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Does your teen want to drop out of school or college

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The saying goes that “School days are the best days of your life”.  Whilst many will clearly sail through their years in the playground, for others the experience is one they cannot wait to forget.  For teens having a rough time at school, dropping out may seem like a great option.  It is our job as parents to help them understand the importance of education, and to find alternative solutions to the issues they may be experiencing.

Dropping out is a life-changing decision, and should only ever be a last resort.  So many entry-level requirements for further study, apprenticeships or jobs include a minimum number of GCSE subject passes at grades A*-C level.  English and Maths are usually the minimum requirement.

Leaving school without these desirable qualifications can make finding work very difficult.  For those whose ability level makes attaining these grades a challenge, simply finishing their education is a huge bonus, and shows future employers that you have dedication and commitment.  Grades certainly help, but they are not the whole story.

What is Driving the Desire to Leave

It is normal for kids get bored at some stage during their educational career.  What is most definitely not normal is a child who is having such a bad experience at school or college they cannot bear to be there.  The first step towards helping your teen is to understand what the problem is.  Common problems include:

  • Bullying – serious harassment can destroy a teen’s self-confidence and affect every area of their life.  It can by physical, mental or emotional, and its effects can be devastating for the victim.  Acknowledging the bullying and working with the school or college to address it are essential actions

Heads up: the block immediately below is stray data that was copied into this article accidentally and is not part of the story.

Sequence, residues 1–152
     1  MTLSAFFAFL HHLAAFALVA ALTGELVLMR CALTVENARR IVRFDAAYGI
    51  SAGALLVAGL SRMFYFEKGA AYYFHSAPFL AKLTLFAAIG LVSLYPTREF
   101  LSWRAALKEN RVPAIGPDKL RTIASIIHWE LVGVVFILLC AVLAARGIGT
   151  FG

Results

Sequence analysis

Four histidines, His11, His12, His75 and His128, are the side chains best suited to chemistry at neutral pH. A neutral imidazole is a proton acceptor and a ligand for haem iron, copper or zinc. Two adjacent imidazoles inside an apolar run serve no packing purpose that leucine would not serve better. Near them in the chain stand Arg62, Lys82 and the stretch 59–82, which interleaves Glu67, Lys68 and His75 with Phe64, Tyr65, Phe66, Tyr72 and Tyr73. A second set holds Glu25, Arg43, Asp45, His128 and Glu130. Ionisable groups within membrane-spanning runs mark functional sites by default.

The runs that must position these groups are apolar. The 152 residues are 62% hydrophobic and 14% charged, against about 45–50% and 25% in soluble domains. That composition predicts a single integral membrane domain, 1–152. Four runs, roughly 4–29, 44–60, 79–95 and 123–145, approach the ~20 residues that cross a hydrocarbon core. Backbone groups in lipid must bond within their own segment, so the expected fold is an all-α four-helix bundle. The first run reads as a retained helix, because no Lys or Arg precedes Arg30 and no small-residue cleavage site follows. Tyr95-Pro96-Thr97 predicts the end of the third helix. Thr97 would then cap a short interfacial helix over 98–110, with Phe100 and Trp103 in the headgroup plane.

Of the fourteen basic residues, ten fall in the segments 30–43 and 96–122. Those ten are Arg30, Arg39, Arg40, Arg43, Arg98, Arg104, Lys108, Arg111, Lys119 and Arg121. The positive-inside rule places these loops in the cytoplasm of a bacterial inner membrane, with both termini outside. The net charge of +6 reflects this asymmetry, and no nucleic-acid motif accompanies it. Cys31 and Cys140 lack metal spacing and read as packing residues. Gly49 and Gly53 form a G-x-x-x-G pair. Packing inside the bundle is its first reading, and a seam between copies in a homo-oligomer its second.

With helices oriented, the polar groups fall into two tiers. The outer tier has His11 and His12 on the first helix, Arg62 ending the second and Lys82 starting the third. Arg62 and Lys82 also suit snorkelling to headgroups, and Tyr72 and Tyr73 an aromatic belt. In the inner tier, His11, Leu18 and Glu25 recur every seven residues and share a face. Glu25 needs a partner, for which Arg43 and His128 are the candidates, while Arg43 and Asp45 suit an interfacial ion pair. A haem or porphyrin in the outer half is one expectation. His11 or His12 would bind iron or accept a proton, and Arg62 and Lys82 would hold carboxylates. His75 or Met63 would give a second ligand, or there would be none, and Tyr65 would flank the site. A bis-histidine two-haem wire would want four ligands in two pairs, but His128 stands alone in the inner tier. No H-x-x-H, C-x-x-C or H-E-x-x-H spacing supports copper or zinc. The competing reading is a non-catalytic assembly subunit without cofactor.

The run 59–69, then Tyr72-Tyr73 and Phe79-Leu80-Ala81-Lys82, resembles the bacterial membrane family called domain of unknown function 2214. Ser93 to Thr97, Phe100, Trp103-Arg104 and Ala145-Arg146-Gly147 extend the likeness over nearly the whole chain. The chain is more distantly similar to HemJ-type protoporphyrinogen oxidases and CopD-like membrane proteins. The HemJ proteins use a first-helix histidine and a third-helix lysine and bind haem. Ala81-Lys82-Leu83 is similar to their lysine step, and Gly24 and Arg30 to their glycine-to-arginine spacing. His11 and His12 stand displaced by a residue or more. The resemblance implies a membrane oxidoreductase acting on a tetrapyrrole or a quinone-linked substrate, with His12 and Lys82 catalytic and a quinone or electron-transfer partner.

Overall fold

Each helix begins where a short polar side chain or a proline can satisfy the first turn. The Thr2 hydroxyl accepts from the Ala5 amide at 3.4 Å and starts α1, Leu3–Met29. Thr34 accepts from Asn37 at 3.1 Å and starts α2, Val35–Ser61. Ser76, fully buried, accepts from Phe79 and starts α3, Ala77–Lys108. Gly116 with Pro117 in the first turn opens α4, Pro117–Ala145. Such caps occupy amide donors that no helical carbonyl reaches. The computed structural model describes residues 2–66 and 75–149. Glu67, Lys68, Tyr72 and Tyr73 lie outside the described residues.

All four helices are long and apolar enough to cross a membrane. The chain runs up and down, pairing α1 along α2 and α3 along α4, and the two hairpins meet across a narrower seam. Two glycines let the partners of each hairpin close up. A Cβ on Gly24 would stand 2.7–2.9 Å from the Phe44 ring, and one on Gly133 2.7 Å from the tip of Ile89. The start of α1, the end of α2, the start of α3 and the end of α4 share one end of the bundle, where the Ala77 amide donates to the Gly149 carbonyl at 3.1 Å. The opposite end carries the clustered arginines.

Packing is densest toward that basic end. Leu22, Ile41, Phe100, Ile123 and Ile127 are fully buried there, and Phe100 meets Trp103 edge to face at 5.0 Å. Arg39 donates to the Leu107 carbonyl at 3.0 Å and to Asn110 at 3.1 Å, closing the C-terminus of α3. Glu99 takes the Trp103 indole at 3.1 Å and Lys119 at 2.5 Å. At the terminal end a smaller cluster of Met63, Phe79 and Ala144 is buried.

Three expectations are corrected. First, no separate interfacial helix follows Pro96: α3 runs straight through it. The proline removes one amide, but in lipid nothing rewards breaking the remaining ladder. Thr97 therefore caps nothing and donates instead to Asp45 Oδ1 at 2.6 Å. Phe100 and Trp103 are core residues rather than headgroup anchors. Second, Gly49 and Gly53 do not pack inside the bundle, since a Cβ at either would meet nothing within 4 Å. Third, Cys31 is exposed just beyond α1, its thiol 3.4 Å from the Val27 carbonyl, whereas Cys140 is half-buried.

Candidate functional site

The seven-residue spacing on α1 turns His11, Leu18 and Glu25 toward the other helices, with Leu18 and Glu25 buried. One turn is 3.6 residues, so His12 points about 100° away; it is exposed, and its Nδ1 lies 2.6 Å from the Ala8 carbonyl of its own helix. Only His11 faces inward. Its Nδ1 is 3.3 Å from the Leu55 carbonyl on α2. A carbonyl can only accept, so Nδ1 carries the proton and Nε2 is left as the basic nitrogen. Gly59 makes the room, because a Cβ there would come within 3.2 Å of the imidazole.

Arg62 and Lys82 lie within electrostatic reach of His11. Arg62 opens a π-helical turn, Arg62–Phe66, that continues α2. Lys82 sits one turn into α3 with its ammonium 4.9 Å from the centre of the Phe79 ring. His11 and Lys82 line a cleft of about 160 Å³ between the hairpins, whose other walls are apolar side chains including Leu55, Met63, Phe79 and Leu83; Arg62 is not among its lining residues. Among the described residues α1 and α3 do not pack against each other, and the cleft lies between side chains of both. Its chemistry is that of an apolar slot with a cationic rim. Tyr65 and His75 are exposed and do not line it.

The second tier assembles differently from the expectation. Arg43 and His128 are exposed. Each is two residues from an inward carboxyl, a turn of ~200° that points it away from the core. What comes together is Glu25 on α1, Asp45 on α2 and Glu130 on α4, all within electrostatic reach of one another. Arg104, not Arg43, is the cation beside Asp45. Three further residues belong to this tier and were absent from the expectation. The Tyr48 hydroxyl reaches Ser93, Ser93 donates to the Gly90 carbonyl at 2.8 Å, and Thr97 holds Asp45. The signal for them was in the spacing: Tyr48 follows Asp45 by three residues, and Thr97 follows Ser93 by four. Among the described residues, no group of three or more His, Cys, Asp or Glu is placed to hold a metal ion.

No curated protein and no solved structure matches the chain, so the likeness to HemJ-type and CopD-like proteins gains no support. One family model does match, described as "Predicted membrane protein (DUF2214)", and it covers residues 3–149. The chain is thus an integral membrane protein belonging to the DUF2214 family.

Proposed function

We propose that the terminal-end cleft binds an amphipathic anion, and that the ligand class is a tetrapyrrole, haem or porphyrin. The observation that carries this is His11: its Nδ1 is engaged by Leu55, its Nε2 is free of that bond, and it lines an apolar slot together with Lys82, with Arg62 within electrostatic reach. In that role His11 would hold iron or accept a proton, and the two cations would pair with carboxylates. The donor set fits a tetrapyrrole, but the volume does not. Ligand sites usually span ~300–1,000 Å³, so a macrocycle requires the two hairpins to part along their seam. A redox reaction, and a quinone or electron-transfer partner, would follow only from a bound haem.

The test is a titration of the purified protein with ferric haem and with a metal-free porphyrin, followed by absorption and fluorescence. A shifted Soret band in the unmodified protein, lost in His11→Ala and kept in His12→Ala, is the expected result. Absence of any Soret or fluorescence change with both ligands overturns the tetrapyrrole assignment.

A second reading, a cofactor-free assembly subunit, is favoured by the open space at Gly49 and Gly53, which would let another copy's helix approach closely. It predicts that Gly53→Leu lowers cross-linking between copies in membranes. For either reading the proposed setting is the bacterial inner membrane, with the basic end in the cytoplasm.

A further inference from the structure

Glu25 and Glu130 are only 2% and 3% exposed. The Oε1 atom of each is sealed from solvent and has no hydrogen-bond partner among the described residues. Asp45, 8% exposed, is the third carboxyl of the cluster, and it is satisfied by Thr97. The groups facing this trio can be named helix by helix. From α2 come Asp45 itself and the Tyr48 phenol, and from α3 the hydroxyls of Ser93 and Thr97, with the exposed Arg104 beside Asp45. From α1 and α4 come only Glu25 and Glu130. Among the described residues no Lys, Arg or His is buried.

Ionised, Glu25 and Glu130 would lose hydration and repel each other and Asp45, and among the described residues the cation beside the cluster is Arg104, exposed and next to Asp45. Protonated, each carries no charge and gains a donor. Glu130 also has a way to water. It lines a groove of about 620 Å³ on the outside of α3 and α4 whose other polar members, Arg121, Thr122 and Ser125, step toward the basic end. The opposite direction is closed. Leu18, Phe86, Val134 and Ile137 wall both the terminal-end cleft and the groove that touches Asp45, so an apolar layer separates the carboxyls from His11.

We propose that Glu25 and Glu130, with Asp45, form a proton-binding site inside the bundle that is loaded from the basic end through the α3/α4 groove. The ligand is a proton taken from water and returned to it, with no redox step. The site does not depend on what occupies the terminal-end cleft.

• Acting out – if your teen is constantly misbehaving at school or college they will be regularly on the receiving end of the wrath of the teaching staff.  This is no fun.  This type of behaviour is generally an indicator of underlying problems.  You may already have an inkling of what these are, or may need to enlist the help of a third party to help you find out
  • Struggling with work – Whilst failure is part of learning to be successful, everyone needs a boost now and again to stay motivated.  If your teen is constantly falling behind and struggling with their work, they will become disillusioned.  Talk to the school or college, they may not be aware there is a problem, and can suggest strategies to help
  • Boredom – very bright teens may find that they breeze through their work and spend much of their time bored and not stimulated.   A less structured learning environment can be best for this type of student.  Advancing to a more challenging class can also pay dividends
  • Home issues – home life can have a significant effect on your teen.  Divorce, grief, moving home, abuse, illness and so on, can all affect how your teen reacts to their external world.  Support is essential for your teen at such times, both within the family and perhaps via counselling.
  • Teen pregnancy – mercifully rare, this is nevertheless a reason why some girls drop out of school.  Most local authorities have programmes in place to support pregnant teens, so dropping out is not always necessary, and a workable alternative can generally be found to allow your teen to complete their education.

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How to Help

We have touched on some of the solutions above, but there are many more practical approaches that parents can take to help teens cope with issues that are affecting their educational life.

Cultivating a support network for your teen will provide them with an outlet for expressing their concerns and emotions.  If your teen is surrounded by people who do not value education, then their own attitude will tend to be the same.  Try to encourage contact with individuals and groups who see the worth in finishing school.

Getting professional help when necessary should also always be considered.  Initially, simply talking to the school or college teaching staff can be very revealing, and you can work together to help address the specific issues you teen is experiencing.  Beyond that, external counselling or behavioural assessment can also be very valuable.

Finally, simply being a positive and supportive presence in your teen’s life can make a world of difference.  Be sure to celebrate their successes, and help them to learn resilience and persistence in the face of challenges.  Showing your teen that they are not alone, and that you believe in them,  is often the key to unlocking their own self-confidence.

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About Cally Worden

About Cally Worden

Seasoned freelance writer Cally Worden lives with her family and dog in a quiet corner of rural France. A love of the outdoors, and a fascination with her children's ability to view life with fresh eyes provide the inspiration for much of her work. Cally writes regularly for various websites and UK print publications on subjects as diverse as parenting, travel, lifestyle, and business, and anything that makes her smile.

Website: Cally Worden

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